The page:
Another more advanced option that was investigated within FlexPower was the development of a market for energy and reserve capacity procurement. These findings were detailed in “Development of simultaneous energy and reserve dispatch model and corresponding pricing mechanism” (Delikaraoglou & Ding, 2012).

The FlexPower market design as described above is largely based on the current electricity markets setup. Within the project, potential new electricity market designs were also investigated in a report entitled “New organisations in elec- tricity market” (Li, Zhang, Ding, & Østergaard, 2013).

Voltage quality in local grids

Market for energy and reserve capacity pro- curement

New potential market designs


3 Practical results

3.1 Bornholm testing

The purpose of the FlexPower field test was to assess how the set-up worked in practice, both from a technical and practical viewpoint, and in terms of how end-users react to 5-minute simulated regulating power prices. The field test took place on the Danish island of Bornholm, and involved four types of end- users: Bootle coolers, houses with direct electric heating, industrial applications at a wastewater treatment plant, and diverse on/off devices. Inputs included simulated 5-minute prices (see ENFOR, 2013 a) and control stragtigies that determined how the local controller should react to these prices (as described in section 2.3 previously). The practical and technical aspects are described in detail in a WP 9 report (Nielsen, Zimmermann, Rasmussen, & Pedersen, 2013).

The figure below provides a simplified overview of the elements involved in the FlexPower field test.

Figure 19: Overview of the elements involved in the FlexPower field test. Aspects in the light blue box were investigated in the FlexPower project, but were not direct inputs in the field test.

As was discussed previously in section 2.1, updated inter-hourly regulating power prices are not made public, and therefore the field test utilised simulated 5-minute regulating power prices that were based on actual hourly spot prices and regulating power prices.10

10 For a more detailed description of how these simulated 5-minture prices were produced, please see (ENFOR, 2013 a).

Simulated 5-minute prices


Via the FlexPrice11 price signal, 5-minute prices were sent out to local control devices installed at end-users. These controllers are referred to as a Smart- Boxes12, and they are capable of controlling the power consumption of the con- nected appliance in accordance with the price signal and pre-established pa- rameters. In addition to receiving an updated price every 5 minutes, the Smart- Box can also receive updated configuration files, which allow for updates to the pre-determined parameters, as well as new firmware, etc. Upon receiving the FlexPrice signal, the control algorithm described in section 2.3 converts this price signal to a relative price. The SmartBox then reacts to these relative prices according to the pre-defined settings and the state of the device.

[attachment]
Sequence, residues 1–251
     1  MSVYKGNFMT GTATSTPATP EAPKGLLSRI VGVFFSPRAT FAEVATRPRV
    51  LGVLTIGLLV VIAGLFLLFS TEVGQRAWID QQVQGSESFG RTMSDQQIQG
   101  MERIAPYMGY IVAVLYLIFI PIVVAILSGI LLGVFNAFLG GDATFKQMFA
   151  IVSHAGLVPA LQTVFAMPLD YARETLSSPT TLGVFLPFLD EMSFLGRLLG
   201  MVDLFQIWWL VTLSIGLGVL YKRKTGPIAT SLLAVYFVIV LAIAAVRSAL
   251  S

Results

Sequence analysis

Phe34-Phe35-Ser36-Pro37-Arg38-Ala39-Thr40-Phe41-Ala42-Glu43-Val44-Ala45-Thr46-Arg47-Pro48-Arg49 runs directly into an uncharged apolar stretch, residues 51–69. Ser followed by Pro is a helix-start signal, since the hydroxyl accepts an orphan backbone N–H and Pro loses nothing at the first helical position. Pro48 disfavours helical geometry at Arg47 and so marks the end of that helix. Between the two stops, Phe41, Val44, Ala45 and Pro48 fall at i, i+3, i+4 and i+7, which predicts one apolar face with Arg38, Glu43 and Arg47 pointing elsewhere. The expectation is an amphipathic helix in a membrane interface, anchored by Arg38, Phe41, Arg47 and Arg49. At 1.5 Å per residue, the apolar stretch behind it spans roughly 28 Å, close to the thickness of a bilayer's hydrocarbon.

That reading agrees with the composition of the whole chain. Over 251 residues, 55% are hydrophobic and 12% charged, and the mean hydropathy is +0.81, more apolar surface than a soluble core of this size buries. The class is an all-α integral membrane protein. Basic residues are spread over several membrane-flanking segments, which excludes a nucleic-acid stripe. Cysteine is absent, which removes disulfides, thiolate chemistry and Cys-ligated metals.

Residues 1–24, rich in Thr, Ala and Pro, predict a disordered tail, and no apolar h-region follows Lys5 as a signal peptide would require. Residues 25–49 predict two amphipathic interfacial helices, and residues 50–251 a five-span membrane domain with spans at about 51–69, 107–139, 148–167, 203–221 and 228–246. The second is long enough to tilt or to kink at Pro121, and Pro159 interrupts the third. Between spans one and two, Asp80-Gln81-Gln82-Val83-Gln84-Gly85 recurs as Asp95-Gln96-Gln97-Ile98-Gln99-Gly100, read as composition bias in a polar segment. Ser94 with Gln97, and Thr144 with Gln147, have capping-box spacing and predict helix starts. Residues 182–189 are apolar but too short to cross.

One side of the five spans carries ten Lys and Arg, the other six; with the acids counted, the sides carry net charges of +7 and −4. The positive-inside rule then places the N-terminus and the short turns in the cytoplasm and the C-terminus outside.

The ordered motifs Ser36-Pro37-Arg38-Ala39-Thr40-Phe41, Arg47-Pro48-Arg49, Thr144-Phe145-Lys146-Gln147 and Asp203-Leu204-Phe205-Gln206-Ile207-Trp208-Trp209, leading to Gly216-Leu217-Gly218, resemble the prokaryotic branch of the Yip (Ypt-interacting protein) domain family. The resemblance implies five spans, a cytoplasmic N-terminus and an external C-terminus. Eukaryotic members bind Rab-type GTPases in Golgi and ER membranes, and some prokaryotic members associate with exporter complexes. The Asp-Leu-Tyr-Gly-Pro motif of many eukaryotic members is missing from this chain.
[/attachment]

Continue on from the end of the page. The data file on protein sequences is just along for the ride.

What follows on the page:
Weather forecasts, price forecasts, and forecasted future driving requirements for EVs, are all examples of predictions that can be utilised by the local control- ler to better optimise the electricity usage of end-user devices. In a commercial version of FlexPower, such forecasts would very likely be employed by the end- user and/or balance responsible. These aspects were all studied within the FlexPower project, and price and heat forecasts were available, but for simpli- fication purposes, they were not implemented in the field test.

Within the field test, 45 Vestfrost bottle coolers on Bornholm were each at- tached to SmartBoxes. For these units the absolute price signal was converted to a relative price signal, and then according to pre-defined settings the ther- mostat set points were altered by the SmartBox. Under normal conditions, a bottle cooler may for example have an upper temperature set point of 7°C and a lower set point of 5°C (as such the cooling unit would start each time the temperature reached 7°C, and would turn off again when it had fallen to 5°C).

If the SmartBox received a price that the algorithm deemed to be a relatively high price, then both temperature set points were increased, so the bottle cooler would now be allowed to reach for example 8°C before the cooling unit was activated, and would turn off at 6°C. In case of a relatively low price, then the opposite would take place, i.e. the temperature set points would be low- ered.

The amount that the set points were adjusted up or down depended on the magnitude of the relative price. If for example the latest received relative price was extremely high or low (i.e. much higher or lower than in the previous peri- ods), then the set points would be altered by their maximum pre-defined amount, which was 2°C. On the other hand, if the latest received relative price was only marginally larger or smaller than the previous prices, then the set- points would only be adjusted slightly. The ‘relative price algorithm’ along with

11 For more on the FlexPrice signal, please see (EURISCO, 2012).